By now I believe that your readers are aware that even though “I love my mother to death”, my father was very instrumental in forming me so that I have become the man I am today. “Look me in the eye when speaking to me.” “Never lie, only cowards lie.” “Respect your mother, your sisters and respect women on the whole.” “Avoid being biased.” “If you are speaking about others, avoid hearsay.” “Don’t mix up he and she.” And I can go on and on with the advice he gave me. Because he was a seaman and was not at home everyday, he gave me a copybook and a pencil and told me to write down what I thought was important in that copybook. so that we could discuss it another day.
In several letters I have stated to you that because of the job I did, I accepted to be fair game. So would it also be if anyone responded to my writing in a mature responsible way.
I do not speak with water in my mouth and am therefore careful not to intentionally offend anyone. I do not oblige anyone to do so, but if the shoe fits anyone that person should wear it. I have been following the saga between the police and the present honorable minister of justice and wanted to know the real reason behind this back and forth.
Because I firmly believe that you should not bite the hand that feeds you, and because I know that it is not realistic for the police to strike against their minister of justice, I used a sprat to catch the whale. It took some patience, but I believe that gradually my suspicions are being confirmed. I always wanted to know why was it necessary for the members of the NAPB to chose a lawyer, when they themselves could form a delegation to have meetings with the minister of justice to discuss their grievances and also have suggestions how to to cope with the changes that life on St. Maarten brings along.
Then on the front page of the paper of the Tuesday, November 7, edition, there was an article about the NAPB. During a live broadcast on Lady Grace’s talk show, members of the NAPB openly and categorically distanced themselves from that article by the lawyer of the NAPB, Cor Merx, which by the way was the only sane thing I heard coming from the police in that interview. Must I assume that the police are telling the public that frisk-and-search is something strange to them? What do they do when family members bring clothes or other belongings to the station for the detainees?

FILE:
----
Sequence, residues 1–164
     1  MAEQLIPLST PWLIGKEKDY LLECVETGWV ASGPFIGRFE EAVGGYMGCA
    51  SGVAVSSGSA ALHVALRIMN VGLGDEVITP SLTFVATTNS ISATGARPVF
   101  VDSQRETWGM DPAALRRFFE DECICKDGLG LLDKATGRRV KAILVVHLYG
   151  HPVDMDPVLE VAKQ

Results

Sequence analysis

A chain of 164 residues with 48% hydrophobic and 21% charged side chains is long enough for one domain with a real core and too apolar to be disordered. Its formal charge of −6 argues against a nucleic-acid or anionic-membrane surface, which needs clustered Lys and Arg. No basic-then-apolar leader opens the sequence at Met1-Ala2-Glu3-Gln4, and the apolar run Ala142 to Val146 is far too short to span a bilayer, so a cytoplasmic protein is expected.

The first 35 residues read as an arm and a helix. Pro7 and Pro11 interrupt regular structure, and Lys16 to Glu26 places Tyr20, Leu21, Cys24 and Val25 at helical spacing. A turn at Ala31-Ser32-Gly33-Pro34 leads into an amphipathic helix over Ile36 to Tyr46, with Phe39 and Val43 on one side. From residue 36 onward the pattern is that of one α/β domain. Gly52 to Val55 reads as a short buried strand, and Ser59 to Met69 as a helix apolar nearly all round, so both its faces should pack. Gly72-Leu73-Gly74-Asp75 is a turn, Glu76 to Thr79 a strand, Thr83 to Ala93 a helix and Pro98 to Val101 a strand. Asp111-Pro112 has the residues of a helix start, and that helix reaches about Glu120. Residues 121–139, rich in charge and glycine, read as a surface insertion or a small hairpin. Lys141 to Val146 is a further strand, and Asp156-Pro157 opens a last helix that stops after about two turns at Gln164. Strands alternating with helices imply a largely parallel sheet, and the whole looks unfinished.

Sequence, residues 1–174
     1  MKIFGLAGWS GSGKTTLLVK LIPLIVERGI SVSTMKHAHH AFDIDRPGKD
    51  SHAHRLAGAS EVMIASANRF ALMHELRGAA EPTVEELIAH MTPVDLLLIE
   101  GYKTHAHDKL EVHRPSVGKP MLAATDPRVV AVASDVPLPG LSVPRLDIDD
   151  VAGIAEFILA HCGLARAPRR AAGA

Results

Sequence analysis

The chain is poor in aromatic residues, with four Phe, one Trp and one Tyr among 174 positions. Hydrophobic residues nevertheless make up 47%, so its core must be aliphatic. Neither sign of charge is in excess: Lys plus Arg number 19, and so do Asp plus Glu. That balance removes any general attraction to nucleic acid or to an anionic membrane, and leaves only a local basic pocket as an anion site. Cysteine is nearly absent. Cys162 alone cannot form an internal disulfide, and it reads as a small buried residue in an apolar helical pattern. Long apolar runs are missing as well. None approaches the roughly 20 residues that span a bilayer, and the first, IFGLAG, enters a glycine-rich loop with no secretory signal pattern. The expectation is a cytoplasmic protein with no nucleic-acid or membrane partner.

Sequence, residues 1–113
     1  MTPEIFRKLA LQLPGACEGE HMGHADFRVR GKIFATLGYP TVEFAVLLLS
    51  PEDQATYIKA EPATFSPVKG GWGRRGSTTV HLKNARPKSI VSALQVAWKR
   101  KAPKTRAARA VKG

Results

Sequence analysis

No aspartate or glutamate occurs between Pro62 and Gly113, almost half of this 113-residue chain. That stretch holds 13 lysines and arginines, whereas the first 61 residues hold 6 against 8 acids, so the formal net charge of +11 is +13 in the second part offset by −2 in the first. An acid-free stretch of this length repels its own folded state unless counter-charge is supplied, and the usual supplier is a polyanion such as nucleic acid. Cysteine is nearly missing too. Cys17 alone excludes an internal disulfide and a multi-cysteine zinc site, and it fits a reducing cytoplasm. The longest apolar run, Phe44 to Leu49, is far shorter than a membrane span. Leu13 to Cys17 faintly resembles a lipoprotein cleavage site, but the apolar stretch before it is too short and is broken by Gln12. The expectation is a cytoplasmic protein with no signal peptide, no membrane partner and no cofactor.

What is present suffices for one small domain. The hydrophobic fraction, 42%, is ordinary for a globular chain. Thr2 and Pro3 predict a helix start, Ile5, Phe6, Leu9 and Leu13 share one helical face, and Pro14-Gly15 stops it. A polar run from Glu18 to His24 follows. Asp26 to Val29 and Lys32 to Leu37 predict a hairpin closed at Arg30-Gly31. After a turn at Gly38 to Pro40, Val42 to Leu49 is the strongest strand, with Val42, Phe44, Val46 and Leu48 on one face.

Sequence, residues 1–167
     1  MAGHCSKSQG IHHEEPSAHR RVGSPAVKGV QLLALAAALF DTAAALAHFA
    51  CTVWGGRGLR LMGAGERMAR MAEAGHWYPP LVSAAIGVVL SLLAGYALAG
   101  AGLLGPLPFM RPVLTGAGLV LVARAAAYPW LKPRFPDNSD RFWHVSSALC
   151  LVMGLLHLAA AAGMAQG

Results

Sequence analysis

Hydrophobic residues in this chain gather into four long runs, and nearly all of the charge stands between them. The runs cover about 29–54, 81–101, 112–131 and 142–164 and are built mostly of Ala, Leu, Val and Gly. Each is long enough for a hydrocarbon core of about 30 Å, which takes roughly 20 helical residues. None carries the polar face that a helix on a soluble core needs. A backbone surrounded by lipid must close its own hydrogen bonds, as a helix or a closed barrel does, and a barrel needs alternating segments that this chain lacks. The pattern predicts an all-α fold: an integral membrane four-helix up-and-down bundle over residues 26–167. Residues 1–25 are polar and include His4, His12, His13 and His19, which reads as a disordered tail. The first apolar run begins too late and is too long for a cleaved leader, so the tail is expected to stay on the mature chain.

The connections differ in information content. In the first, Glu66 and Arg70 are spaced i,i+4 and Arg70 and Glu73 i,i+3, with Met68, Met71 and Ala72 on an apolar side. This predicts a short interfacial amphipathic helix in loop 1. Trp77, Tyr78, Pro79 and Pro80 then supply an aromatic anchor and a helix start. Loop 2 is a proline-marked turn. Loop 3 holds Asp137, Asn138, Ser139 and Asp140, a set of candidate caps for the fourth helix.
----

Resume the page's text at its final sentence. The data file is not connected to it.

But in putting two and two together, I got a strange but understandable four. Is the former prosecutor, who is of that nation whose motto is “I will get you one day”, using the NAPB to get back at those who fired him?
I worked for 41 years as a police officer and one of the things that my father made sure he did was to consistently call me and ask me to take time out to ask myself who I really was, He always reminded me that if I was enjoying the job I was doing, then I did not have to work. Once I answered him that he should be here for Carnival. He would say to me, “I know that you are not afraid, but make sure do not be naive.”
In those 41 years I have learnt that the minister of justice and the police brass usually consult with each other before going outside. It is not today that there is a problem with personnel shortage at the prison. I do not have any inside information concerning that and I also know that some things are easier said than done, but logic would tell me that because of the shortage in both police and prison personnel, a decision should have been made to recruit 10 to 15 people, specifically to deal with the detainees at the police stations.
I do not know what is what, but what I know is that a solution has to be found because the community of St. Maarten is not being served. I hope that they are not at loggerheads. I still prefer honey to vinegar when it comes to catching flies.
Russell A. Simmons